To his knowledge, John Sanchez is the only American Indian faculty member at Penn State and when his kids were in the elementary and high school system, they were the only American Indian students.
Though he loves his job, Sanchez uses the annual traditional American Indian powwow as a way to recharge his batteries and interact with other Indians.
After this year, he will have to have to find another way to do that.
The 11th annual event took place at Mount Nittany Middle School on Saturday and Sunday, but Sanchez, the event coordinator, said it will be the last. Moving closer to retirement, Sanchez said the event planning takes too much time on top of his job teaching media ethics in the College of Communications and his distinguished professorship with the Schreyer Honors College.
“It’s just overwhelming,” Sanchez said of the planning, adding that he’s not complaining and all the work has been worth it. “These last two days have been some of the best days of my life.”
He said he got emotional Sunday morning with the event’s last day, but he felt bittersweet knowing how far it had come.
He and his wife started the event 11 years ago, hoping to attract a few hundred people for a four-hour powwow, but they ended up getting 2,500 people in the first year.
The attendance grew to more than 7,000 this weekend, with American Indians from 18 different reservations representing about 30 different tribes, he said.
The event is one of the few traditional powwows, which focus on language, custom and respect, he said.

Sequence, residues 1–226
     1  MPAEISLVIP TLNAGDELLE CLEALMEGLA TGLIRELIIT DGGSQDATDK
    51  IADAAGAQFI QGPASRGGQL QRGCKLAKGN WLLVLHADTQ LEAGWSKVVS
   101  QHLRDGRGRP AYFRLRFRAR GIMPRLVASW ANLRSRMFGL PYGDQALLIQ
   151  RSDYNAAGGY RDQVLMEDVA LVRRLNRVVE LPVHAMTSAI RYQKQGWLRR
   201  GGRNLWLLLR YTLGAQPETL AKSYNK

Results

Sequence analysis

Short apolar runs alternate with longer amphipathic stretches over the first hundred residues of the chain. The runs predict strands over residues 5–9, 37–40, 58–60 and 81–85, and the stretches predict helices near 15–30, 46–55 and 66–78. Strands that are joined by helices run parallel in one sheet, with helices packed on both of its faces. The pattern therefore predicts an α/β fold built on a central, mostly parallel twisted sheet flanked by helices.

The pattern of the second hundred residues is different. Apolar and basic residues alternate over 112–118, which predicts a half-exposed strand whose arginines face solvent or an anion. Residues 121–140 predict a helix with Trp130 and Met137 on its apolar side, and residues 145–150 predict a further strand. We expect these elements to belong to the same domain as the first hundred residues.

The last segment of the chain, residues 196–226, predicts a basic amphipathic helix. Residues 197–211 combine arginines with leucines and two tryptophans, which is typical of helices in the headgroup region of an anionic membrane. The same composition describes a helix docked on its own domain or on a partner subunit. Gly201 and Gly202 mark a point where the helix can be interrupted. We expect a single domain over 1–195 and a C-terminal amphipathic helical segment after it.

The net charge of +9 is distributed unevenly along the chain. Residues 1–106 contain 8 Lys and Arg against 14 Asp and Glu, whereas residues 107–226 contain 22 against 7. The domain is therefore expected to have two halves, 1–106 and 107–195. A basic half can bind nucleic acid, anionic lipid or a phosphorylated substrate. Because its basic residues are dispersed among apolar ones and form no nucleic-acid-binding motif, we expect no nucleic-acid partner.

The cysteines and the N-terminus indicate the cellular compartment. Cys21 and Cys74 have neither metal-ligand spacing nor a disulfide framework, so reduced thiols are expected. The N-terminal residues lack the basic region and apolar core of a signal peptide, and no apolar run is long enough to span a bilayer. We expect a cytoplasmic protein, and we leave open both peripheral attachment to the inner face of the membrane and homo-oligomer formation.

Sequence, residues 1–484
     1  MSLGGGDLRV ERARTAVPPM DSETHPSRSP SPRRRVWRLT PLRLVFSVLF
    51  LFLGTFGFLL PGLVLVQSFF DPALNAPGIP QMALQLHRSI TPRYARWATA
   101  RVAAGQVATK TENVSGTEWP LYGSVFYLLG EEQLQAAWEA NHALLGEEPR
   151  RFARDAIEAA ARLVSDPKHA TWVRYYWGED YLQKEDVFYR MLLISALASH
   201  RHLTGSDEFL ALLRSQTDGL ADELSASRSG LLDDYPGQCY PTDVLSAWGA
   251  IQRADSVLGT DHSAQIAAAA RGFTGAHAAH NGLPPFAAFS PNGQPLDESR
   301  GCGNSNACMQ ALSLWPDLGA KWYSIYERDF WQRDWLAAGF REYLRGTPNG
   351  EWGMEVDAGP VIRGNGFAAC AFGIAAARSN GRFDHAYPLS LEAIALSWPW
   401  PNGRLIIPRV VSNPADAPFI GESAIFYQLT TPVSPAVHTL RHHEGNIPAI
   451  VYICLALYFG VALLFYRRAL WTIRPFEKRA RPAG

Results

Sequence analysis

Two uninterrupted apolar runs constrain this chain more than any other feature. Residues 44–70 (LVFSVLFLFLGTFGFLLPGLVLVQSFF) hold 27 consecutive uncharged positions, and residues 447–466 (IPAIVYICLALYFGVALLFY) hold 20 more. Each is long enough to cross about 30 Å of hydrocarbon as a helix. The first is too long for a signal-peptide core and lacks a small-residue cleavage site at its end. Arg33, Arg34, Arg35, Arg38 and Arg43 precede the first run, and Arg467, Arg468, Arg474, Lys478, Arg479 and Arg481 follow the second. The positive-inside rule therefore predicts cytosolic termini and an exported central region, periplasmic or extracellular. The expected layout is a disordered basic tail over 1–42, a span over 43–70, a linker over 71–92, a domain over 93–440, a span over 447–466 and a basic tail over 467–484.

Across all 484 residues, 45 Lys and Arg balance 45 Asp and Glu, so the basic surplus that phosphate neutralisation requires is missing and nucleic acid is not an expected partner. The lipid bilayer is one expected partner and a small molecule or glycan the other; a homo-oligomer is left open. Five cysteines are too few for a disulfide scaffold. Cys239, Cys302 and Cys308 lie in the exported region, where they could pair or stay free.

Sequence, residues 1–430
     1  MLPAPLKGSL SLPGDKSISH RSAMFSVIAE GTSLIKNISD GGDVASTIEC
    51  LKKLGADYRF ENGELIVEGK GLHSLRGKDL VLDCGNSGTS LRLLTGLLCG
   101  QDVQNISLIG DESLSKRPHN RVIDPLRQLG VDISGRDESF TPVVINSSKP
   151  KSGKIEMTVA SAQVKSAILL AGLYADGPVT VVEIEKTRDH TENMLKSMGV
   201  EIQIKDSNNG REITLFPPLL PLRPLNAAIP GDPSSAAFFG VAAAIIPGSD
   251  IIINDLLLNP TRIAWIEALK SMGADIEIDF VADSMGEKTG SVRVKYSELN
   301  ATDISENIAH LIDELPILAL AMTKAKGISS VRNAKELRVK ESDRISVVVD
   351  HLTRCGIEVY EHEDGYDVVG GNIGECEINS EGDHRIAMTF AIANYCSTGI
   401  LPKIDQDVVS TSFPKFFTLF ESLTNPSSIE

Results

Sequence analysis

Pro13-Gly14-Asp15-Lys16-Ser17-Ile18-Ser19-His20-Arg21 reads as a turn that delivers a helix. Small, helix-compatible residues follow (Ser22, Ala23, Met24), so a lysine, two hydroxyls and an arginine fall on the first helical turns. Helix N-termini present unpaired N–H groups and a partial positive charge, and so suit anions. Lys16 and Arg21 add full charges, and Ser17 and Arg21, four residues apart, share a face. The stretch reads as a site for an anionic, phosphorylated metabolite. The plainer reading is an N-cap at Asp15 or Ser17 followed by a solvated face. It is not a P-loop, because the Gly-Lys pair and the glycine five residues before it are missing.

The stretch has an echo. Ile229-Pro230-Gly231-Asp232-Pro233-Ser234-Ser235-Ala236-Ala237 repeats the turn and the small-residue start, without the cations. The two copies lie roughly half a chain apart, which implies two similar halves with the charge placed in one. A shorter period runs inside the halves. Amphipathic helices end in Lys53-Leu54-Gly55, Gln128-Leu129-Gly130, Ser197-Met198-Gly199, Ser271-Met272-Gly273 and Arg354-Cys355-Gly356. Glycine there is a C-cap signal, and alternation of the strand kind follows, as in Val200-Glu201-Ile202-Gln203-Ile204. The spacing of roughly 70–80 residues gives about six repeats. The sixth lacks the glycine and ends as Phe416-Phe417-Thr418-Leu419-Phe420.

Some people drove as far as 17 hours from Canada or the Dakotas, and there were even two people from Sanchez’s Ndeh Apache tribe in Arizona, he said.
“I feel good about the last 11 years,” Sanchez said. “I feel good about these people — my people — coming all this way.”
The weekend featured tribal dancing, traditional celebrations and booths with authentic American Indian food and garb.
Patrick Littlewolf Brooks, who attends powwows across the country, said he loved the energy at this event, and that he’s heartbroken that this will be the last year. This was his first time in the area, but he was immediately swept up in the charm.
Brooks wore feathers and face paint and danced so much that he worked up a sweat. The dances aren’t choreographed, and Brooks said each person does not dance for him or herself, but rather for a loved one or another person who couldn’t be there.
“When we get out on the floor, everything is straight out of our hearts,” he said, adding that he was dancing for the Indian tribes in Canada that could lose their homes because of a proposed pipeline project.
And the weekend was not just for American Indians.
Thousands of people from the community came out to see the powwow and take part whenever possible.
Debra Dreher, of State College, comes every year, saying she wouldn’t miss it. Her parents always told her not to accept anyone else’s personal views of the world but instead to experience different cultures for herself.
She said her personal ideological views match up with those of many American Indians, so it’s a good chance to be exposed to other cultures and interact with them.
Dreher, who brought two of her nieces, said it’s also a great place to bring children.
“I’ve never seen a kid who wasn’t amazed by the dancing,” she said.